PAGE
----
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  • Frank DeArmas

Valdez, Alaska

Nature Recovers, but damage remains

View from our Campsite

I must admit that I was apprehensive as we made our way to Valdez Alaska. I remembered vividly watching the events of March 24, 1989, when the oil tanker Exxon Valdez ran aground in Prince William Sound, Alaska, spilling 11 million gallons of oil. The ecologically sensitive location, and large scale of this spill resulted in one of the largest environmental disasters in U.S. history.

Remembering those graphic images on TV I thought to myself, was the area able to overcome the damage, or would we find evidence of those events 34 years ago.


Thompson Pass

As you drive towards Valdez, you must go through a stretch of road bracketed on both sides by canyon walls. This is the Thompson pass, and it was some of the prettiest scenery we had seen to date. As we stopped what seemed like every few feet to check out yet another waterfall it filled me with a renewed hope that when we made our way into Valdez, we would find nature had rebounded from the blow of that accident.

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Photos of some of the view coming into Valdez


Solomon Gulch Hatchery

We set up camp and quickly started to explore the area (ok, it was really the next day as Jan was on her last day of quarantine for Covid). We disconnected the Jeep (Jeep Jeep) and headed to the Solomon Gulch Hatchery. You see, we were told that bears come down to grab an easy lunch as the salmon make their way back to spawn. And you may have noticed Jan has this bear thing going on.

Well no bears, but we found these guys and they may not have been bears, but they were impressive and doing a number on the fish.

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Glacier Lake

After hanging out for a while, we headed for Glacier Lake. From what we could see, everything looked fine. There was wildlife everywhere, but sometimes you can’t always tell just by looking at the surface, as we learned later during our boat trip to Prince William Sound.

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On this trip we had the chance to see several glaciers, but here we got to go right up to a lake that was being fed by a glacier that terminated right in front of us. We had a chance to talk to some kayakers that were navigating the ice and learned that they must take a different route every day as the ice changes the open lake areas daily.

You can see one of the kayaks in Jan's pictures above.


Prince William Sound and Meares Glacier

We then got a chance to take a boat tour of Prince William Sound and the Meares Glacier. As we made our way to the glacier we past a rich variety of wildlife that included this whale.

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Seeing them never gets old!

In addition we saw these sea otters, and puffins in the wild. Jan did a great job on the pictures as always as you can see here.

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Unfortunately, as beautiful as it all was, and as normal as it seemed, we did learn that the accident had a bad effect on two pods of Orcas that swam through the oil. You may know that Orcas have a very tight family unit. One of the pods has not been able to reproduce and we learned that the last living member of that local pod, a 46 year old male, had not been seen this year (last seen and heard in 2019). If in fact he is gone, then we have lost what was once a vibrant family unit.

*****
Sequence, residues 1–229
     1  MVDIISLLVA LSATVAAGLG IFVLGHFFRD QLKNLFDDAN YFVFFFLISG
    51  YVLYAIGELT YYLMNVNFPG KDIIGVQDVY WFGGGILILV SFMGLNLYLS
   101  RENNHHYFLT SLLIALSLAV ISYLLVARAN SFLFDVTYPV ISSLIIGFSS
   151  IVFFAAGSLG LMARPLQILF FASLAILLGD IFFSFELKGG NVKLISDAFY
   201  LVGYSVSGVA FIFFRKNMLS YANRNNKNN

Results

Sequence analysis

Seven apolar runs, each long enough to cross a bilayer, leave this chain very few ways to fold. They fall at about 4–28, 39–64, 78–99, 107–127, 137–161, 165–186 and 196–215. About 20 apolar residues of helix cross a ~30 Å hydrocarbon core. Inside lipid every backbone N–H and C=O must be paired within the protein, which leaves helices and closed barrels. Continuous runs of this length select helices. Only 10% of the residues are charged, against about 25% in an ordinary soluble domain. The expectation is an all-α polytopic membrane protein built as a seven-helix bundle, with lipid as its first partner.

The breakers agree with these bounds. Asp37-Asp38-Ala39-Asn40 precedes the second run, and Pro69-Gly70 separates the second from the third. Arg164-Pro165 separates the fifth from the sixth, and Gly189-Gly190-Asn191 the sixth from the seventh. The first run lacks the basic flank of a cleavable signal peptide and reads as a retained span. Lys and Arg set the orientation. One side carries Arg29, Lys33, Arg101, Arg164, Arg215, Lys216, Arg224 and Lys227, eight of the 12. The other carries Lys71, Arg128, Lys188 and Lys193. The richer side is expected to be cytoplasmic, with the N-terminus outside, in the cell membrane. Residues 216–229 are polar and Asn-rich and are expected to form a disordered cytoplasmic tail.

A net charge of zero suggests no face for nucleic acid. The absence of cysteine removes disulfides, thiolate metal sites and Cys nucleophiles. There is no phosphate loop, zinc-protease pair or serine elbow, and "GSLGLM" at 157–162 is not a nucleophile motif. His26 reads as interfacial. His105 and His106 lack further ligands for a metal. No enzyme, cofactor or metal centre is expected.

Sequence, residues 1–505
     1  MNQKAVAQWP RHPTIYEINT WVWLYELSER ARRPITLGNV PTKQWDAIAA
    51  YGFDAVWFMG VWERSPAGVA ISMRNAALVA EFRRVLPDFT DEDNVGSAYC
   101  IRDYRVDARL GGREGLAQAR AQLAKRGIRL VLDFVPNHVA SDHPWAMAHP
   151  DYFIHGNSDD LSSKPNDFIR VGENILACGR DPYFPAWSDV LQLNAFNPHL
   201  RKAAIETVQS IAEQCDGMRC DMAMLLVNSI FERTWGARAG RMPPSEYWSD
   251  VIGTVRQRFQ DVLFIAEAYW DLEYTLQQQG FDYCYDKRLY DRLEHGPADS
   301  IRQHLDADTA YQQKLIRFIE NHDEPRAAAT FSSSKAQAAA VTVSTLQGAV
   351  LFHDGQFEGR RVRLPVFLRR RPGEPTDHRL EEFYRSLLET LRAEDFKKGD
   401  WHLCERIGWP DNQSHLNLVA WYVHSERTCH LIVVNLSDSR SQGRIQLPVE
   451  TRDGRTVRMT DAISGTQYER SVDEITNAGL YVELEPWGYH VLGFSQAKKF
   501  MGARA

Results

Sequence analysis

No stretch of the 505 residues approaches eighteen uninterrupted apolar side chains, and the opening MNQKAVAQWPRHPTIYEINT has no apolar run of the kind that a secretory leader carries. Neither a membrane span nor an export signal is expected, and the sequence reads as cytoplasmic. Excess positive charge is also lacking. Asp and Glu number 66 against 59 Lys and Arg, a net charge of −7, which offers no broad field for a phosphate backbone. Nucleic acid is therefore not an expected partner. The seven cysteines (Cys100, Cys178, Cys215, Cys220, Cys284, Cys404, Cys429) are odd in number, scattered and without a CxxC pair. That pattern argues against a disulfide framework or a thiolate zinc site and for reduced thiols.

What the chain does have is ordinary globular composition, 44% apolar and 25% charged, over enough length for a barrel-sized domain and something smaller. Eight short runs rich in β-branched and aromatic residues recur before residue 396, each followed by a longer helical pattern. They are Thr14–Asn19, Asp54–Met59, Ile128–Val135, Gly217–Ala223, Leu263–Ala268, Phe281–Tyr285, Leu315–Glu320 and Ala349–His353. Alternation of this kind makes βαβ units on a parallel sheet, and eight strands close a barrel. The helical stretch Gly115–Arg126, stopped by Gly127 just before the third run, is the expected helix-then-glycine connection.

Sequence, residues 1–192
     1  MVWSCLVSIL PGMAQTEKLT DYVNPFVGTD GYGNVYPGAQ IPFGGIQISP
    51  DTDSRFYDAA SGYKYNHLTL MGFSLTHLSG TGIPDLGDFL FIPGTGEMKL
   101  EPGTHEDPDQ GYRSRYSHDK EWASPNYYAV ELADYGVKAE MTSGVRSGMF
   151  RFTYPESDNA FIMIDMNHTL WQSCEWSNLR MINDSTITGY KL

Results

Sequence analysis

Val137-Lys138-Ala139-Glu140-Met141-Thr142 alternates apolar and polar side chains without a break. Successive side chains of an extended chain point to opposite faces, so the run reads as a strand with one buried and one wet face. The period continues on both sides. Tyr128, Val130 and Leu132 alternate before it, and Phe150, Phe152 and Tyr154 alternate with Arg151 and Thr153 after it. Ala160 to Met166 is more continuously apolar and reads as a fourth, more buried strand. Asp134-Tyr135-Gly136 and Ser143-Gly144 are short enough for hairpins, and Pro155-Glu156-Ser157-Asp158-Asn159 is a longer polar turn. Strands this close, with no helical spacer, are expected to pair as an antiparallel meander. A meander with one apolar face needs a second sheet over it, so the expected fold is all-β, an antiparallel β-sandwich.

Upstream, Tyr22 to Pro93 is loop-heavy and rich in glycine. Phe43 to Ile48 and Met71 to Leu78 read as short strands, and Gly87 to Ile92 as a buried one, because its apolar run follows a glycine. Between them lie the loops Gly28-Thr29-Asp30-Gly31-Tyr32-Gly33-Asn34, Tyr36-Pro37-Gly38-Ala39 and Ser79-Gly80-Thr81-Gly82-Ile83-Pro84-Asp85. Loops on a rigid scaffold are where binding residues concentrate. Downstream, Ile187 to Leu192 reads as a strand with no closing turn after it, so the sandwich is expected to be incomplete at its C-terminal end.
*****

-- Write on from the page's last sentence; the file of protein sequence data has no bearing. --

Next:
Jan's Fun Facts - Valdez

Let it snow?

My fun facts on Valdez, AK is going to be about snow. We didn’t get any while we were there (thank goodness) but it’s only a matter of time.

Did you know that Valdez gets the most snow in all the US? It gets on average 300 inches of snow annually. That’s in town, in nearby Thompson pass (which is a 2,600-foot-high gap in the Chugach Mountains northeast of Valdez) it can get between 600 and 900 inches annually.

In town, three to four feet can easily fall in one evening. Almost every year a few boats sink in the harbor due to the heavy snow.

Valdez was one of the most stunning places we visited, I can only imagine what it might look like when transformed into a winter wonderland.

We’re almost at the end of our travels in Alaska and I have an interesting fact about the whole state.

The state pays every permanent citizen a share of the state’s oil wealth as part of the “Permanent Fund Dividend Division”.

It varies year by year depending on the state’s oil reserve.

There are only two conditions to receive this money, you must live in Alaska 180 days, and you haven’t been convicted of a crime in the last year. You pass those two conditions, you’re golden.

Our sea pilot Wes, that took us to Lake Clark National Park said when he moved to Alaska 20 years ago, he got around $400. This year he will get $3,200 for each of his family members. He’s a family of five, that’s $16,000 that will be deposited into his bank account this year.

The dividend was put into place to help the residents with the cost of living there. The ones who need it the most are the people in the remote villages. This money helps them get through the long winters.


Valdez Video


Our next blog will feature Skagway Ak, which means we have to drive over the White Pass, an 11 % grade that stretches' for over 11 miles, yikes As always we hope you enjoyed the blog and until next time, we will see you on the road!

Please let us know what you think or any suggestions by emailing us.



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